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An alum reflects
Your Story

During my tenure as a student and then employee of Moravian College (2014–2019), I grew immensely as a holistic human. My professors, mentors, and colleagues challenged me to take risks, to follow passion, and to pursue a life of purpose in service toward others. I remember first being drawn to Moravian’s approach to shaping community, which has always been to empower our community toward harnessing the “little revolutionary” we each can contribute to the world. And since leaving for Louisiana to pursue a master’s degree in creative writing, I continue to hold dear, within both my writing and teaching, Moravian’s mission: the belief that my work can make and is making a difference. The Moravian College community has always encouraged and supported my journey, for which I am forever honored and grateful.

American Myth—

A Poetics of Passage-Making

By Jonathan Clark ’16

Do you remember or are you that memory? —Fred Moten

It is when you are asking about something that you realize you yourself have survived it, and so you must carry it, or fashion it into a thing that carries itself. —Anne Carson

Dear documentarian, dear poet, what will you renovate? —Susan Briante

The critic Joseph Harrington claims of poetry that “if poetry is an archive, then so too is the poem—or any text—and the writer is a kind of archivist.” And so, as an archivist and as a documentarian poet, I have chosen to use the tools of the archive to make a memoir collection of poems, American Myth, inspired by what has been studied in works such as Nox, by Anne Carson, and Ghost Of, by Diana Khoi Nguyen.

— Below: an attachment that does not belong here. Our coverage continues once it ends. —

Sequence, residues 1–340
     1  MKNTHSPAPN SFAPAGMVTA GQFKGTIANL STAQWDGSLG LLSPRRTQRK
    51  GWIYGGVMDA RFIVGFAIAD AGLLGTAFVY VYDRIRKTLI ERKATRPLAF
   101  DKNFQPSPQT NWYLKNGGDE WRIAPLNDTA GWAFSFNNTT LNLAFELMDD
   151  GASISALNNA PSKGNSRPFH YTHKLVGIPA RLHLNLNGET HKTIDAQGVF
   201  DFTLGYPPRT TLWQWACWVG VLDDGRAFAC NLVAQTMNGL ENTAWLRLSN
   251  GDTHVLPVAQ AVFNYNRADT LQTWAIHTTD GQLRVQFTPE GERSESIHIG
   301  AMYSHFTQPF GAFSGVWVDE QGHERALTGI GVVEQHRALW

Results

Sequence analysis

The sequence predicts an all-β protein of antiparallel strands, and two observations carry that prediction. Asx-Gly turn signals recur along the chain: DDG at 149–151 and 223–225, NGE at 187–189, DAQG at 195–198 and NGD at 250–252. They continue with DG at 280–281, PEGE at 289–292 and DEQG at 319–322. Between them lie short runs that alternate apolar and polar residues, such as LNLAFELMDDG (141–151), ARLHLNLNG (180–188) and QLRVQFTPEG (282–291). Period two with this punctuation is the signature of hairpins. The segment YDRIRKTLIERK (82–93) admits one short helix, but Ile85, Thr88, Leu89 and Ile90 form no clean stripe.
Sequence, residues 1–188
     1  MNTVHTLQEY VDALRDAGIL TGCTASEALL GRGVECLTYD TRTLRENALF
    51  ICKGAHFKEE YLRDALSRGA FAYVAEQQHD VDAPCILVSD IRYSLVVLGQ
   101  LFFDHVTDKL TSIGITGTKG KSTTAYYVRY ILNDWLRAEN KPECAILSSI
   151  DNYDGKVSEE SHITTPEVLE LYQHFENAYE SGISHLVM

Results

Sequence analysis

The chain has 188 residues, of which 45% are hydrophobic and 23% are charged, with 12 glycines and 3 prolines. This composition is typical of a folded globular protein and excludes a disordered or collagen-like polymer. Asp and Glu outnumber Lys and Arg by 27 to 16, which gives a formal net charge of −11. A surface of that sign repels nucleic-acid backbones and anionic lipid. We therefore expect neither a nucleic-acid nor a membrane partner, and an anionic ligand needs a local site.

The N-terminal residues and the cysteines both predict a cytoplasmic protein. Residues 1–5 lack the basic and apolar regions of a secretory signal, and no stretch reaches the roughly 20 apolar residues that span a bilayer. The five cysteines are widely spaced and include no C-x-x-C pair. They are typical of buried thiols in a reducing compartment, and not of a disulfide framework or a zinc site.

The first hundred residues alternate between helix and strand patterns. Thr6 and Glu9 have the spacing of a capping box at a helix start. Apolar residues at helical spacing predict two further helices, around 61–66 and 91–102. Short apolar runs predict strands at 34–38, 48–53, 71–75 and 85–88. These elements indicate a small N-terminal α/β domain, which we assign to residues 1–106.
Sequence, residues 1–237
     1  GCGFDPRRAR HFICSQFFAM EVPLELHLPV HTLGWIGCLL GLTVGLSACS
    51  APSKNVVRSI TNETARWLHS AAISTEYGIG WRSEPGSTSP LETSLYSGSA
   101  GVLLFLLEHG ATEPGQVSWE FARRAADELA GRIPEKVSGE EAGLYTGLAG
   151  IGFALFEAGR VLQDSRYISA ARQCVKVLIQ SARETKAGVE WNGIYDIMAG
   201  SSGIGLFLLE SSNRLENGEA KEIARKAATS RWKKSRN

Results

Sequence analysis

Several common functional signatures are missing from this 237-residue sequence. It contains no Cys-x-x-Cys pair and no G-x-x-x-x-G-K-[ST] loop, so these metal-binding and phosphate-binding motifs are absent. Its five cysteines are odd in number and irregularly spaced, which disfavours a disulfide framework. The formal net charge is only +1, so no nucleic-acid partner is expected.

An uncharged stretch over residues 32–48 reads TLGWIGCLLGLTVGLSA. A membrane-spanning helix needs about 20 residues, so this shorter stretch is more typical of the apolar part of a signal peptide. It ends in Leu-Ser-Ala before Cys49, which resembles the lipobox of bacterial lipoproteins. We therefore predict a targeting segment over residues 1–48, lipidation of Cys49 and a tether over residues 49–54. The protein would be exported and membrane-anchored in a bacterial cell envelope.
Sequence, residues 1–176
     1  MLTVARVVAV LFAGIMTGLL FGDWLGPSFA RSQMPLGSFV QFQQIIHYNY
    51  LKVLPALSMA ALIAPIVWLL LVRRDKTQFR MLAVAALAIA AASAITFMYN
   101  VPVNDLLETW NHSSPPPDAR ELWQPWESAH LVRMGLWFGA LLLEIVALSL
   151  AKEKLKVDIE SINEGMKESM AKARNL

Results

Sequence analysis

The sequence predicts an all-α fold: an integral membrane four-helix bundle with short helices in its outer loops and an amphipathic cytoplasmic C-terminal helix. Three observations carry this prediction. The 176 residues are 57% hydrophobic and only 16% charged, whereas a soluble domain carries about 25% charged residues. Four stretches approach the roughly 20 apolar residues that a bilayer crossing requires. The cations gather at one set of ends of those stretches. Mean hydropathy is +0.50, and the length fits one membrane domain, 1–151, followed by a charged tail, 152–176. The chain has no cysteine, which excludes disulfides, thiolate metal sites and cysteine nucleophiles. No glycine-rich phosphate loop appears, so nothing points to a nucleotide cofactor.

James Kastely, an expert in the history and theory of rhetoric, once wrote, “pay attention to the resistances in your own writing—those are the places that are offering you the possibility of being original.” I credit this as a principal source for helping to generate the conceptual basis this poetry project requires: to merge the contrasts of two disparate histories in order to reveal their interconnectedness—an interconnectedness between the speaker’s dual identities, which are informed by the life impressions made on the speaker before his adoption and afterward. And since this speaker never meets his biological parents, the only way to gap-fill spaces where an abundance of murkiness lingers is by studying the nuances within salvaged legal documents and hand-written questionnaires, revisiting word-of-mouth stories from adoptive parents and other parties involved in the adoption process, and trying to contextualize photos that keep as many secrets as the security safe and garage boxes they’d been kept in—all of which serve as ephemera for the writing and visual components of the page.